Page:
Seeing the Future

Riding in the city requires foresight. There are a number of forces at work against you. Cars. Pedestrians. Potholes. Buses. Aggressive pigeons. Flying plastic shopping bags. Gravity. Etc.

Being safe means being able to anticipate what is going to happen next. People who have been riding cities for long periods of time develop a sixth sense, an awareness they’re mostly not even aware of. It leads them to tell non-riders that it’s really not that dangerous riding in thick urban traffic. But of course, it is. It’s very dangerous. But there are some things you can do to develop this sense, to make yourself a little safer. Here are some tips (and I’d love to hear more if anyone has them):

1) Know your lights. I’m talking here about both the traffic lights AND the walk signs. I find it really, really valuable to know when walk signs signal an upcoming red traffic light or when a red light gives way to a walk sign moving the same direction, a situation that makes the intersection relatively safe, rather than crowded with cars moving perpendicular to your path. The truth is, I cheat on lights all the time. I run them. But I don’t do it in the kamikaze rush I did ten years ago, plowing into the intersection and hoping to figure my way across once I got there. No. Now I know the lights that have long yellows. I know the timing of the turn signals and the walks. I can look at the walk sign and know what the traffic light will do. I use all that information to make decisions about when to plow forward and when to pull up.

[An aside on light-running: I don’t advocate flouting traffic laws. You and I both ought to do what the law prescribes in all situations. That’s what I’m going to tell the judge when he asks me about it. In my own personal, ethical universe, I run lights with some regularity, because I am most in danger when I have cars on both sides of me. I often run lights to get out into clear bits of road, where I’m less likely to get hit by accident or vendetta. I do NOT run lights as a matter of course. I don’t dart into intersections. I only run a light if doing so is the safer thing to do, and it often is. This is all I will say on the subject of light-running and the law.]

2) Read the pedestrians. Pedestrians are slower than you are. By and large they look before they cross in front of cars (if not when they step in front of bikes), so coming to an intersection, you can usually tell whether you need to stop by seeing what the pedestrians are doing. Here on the East Coast, no one waits for the walk sign. Folks cross against the light all the time. You can use them to know what’s going on down roads you can’t see down yet. You can also use them as shields, since cars very, very seldom plow through a gaggle of foot-bound humanity. I use them to protect me from turning cars and as canaries in the mine of wide intersections.

Of course, pedestrians are also an obstacle unto themselves. You can see over the roofs of cars to see people cutting across the lane, but I also use the little, bubble side view mirrors of trucks to look forward across the lane to be sure there aren’t any errant walkers poised to step out into my path. There is a point some meters behind when the side mirror provides a good angle for this. If you wait too long to look, you just get a view of the ugly who’s driving the truck. Be warned.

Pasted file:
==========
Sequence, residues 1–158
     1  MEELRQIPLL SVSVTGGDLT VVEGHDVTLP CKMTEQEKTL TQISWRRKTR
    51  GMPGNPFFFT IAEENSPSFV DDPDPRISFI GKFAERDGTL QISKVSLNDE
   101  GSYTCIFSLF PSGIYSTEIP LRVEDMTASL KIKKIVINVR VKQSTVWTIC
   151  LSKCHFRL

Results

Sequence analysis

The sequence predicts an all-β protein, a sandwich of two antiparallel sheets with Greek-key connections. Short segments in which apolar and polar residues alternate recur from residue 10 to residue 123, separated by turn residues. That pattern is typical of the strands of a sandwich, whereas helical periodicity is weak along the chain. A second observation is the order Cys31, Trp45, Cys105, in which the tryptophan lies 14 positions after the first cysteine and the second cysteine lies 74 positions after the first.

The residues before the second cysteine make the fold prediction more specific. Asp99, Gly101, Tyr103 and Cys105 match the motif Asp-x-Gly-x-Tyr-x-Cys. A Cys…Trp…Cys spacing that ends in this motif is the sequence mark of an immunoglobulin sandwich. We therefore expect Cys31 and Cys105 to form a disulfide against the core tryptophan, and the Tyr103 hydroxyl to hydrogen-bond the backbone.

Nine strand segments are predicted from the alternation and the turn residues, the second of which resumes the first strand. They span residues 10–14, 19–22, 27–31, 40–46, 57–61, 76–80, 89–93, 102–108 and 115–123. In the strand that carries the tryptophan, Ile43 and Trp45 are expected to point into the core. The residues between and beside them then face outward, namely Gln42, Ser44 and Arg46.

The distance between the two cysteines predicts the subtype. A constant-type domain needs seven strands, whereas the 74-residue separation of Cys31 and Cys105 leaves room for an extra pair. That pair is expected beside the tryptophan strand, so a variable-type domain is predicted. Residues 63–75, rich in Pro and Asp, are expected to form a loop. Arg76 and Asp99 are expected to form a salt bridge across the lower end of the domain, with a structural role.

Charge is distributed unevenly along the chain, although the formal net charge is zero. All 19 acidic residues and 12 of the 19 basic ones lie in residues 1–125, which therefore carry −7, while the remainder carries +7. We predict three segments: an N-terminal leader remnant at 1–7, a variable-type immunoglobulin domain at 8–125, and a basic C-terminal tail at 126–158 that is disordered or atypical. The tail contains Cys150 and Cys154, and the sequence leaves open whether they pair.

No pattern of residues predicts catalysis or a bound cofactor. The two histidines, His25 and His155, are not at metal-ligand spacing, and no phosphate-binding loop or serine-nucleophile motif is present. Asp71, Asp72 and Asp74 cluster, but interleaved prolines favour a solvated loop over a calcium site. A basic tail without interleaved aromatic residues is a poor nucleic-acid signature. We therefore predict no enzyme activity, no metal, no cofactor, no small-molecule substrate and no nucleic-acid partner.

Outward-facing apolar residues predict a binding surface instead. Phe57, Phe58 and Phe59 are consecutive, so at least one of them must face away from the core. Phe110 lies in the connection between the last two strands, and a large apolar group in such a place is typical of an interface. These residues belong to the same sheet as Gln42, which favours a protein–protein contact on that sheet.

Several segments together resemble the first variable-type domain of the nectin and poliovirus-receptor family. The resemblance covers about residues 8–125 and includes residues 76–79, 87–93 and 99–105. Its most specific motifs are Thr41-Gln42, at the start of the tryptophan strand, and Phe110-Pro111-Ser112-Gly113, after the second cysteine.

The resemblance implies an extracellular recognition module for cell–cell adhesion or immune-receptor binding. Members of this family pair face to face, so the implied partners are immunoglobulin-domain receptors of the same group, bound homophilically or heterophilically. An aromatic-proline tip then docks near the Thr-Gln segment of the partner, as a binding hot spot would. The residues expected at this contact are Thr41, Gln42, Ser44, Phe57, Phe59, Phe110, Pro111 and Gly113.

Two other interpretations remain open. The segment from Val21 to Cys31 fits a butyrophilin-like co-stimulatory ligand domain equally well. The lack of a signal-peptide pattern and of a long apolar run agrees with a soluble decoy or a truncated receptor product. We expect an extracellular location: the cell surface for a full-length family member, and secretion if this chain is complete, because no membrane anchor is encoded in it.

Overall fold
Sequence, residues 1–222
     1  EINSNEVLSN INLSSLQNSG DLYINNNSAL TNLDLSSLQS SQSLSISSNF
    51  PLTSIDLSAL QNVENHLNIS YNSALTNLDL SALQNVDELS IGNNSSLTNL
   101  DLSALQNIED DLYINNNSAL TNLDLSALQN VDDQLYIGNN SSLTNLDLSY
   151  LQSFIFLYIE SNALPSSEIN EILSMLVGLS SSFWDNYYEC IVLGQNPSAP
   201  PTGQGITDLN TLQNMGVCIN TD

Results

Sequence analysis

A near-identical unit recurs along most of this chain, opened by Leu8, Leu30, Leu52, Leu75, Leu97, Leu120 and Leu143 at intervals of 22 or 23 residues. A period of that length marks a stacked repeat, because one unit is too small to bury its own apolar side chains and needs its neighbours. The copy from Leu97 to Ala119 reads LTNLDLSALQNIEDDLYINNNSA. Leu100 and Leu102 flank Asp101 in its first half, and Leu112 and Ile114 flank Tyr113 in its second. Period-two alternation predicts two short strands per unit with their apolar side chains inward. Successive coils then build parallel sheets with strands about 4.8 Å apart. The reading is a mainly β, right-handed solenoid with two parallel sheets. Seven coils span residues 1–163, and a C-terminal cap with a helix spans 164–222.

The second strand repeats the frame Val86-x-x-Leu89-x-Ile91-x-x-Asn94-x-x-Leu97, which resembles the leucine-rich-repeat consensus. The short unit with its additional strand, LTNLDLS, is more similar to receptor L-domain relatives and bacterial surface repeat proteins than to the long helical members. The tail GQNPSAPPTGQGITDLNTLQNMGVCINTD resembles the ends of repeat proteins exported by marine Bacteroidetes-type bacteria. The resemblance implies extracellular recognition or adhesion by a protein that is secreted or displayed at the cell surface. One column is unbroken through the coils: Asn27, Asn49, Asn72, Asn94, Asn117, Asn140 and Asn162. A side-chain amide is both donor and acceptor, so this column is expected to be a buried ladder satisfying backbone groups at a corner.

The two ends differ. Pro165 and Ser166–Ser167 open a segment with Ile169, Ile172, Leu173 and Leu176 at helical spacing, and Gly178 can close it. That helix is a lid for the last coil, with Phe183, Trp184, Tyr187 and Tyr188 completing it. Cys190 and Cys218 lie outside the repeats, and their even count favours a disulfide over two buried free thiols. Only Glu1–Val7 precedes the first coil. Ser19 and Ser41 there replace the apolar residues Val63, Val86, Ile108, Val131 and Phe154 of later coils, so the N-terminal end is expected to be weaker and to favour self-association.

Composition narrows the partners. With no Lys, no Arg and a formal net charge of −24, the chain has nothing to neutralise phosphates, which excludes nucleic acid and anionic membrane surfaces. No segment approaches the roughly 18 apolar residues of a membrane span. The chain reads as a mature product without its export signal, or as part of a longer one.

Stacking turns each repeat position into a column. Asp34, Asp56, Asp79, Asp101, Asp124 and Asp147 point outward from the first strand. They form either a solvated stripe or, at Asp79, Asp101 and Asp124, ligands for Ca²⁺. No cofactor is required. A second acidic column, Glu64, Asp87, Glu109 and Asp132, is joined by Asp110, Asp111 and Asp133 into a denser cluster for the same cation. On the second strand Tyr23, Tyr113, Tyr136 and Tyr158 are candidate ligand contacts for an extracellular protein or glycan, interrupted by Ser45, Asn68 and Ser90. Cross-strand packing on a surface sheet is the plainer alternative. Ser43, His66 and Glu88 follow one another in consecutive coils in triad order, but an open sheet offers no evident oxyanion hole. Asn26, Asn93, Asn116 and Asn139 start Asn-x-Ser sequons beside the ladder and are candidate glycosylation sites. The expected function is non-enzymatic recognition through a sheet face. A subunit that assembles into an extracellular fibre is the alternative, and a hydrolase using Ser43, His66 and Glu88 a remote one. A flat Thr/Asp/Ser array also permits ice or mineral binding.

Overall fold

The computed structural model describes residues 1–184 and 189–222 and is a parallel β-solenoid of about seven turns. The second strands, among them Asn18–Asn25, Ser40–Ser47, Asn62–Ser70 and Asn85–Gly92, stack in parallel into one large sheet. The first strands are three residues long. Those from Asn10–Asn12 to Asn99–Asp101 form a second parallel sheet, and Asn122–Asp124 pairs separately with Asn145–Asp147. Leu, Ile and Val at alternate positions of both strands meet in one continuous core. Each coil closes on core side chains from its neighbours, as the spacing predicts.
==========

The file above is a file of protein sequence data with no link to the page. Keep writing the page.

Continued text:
3) Profile drivers. If you see a motorist on the phone while smoking a cigarette, it’s a good idea to assume they’re going to drive like an asshat. If you see a driver ahead of you squeezing into the bike lane (where there are bike lanes) or switching lanes without signaling, you really have to be extra careful passing them. Also, you should ALWAYS beware of women driving Volvos, men driving pick up trucks, cabs, buses, cops and box trucks. I won’t get into the reasoning behind singling these people out. Just take it on faith that they are dangerous and keep a safe distance.

4) Talk to yourself. The biggest danger in urban riding is ADD. There is so much input coming at you at high speed from every corner of your vision that maintaining concentration is a real challenge. I talk to myself, articulating what’s going on in front of me. If I see a cab driver getting ready to pull out of a cab stand, I say, “Douchebag in the cab. Douchebag in the cab,” over and over until I’ve passed the danger. It makes you look and sound crazy, but it reduces the risk of getting creamed by a douchebag.

When I approach other cyclists, I continue talking, and you’d be surprised how many times fellow riders have thanked me for unintended warnings.

5) Use your lizard vision. Coming into a crowded intersection, it’s very difficult to see all the things you need to see. At times like that I try to let my sight blur a bit, using my peripheral vision to see left AND right at the same time. This is especially useful when watching for cars on one side and pedestrians on the other.

6) Sometimes brake lights are turn signals. In Boston, only about 40% of the population uses their turn signals. Every time I’ve been hit or nearly hit, it’s been because a driver has suddenly cut across my lane with no signal. I’ve come to see that when a car brakes coming into an intersection, it’s often because they’re going to turn. I try not to get myself between them and their turn. I try to slow and insert myself in the space behind them, so that, as they turn, I can slip ahead of them on the left, without blocking traffic or getting crushed.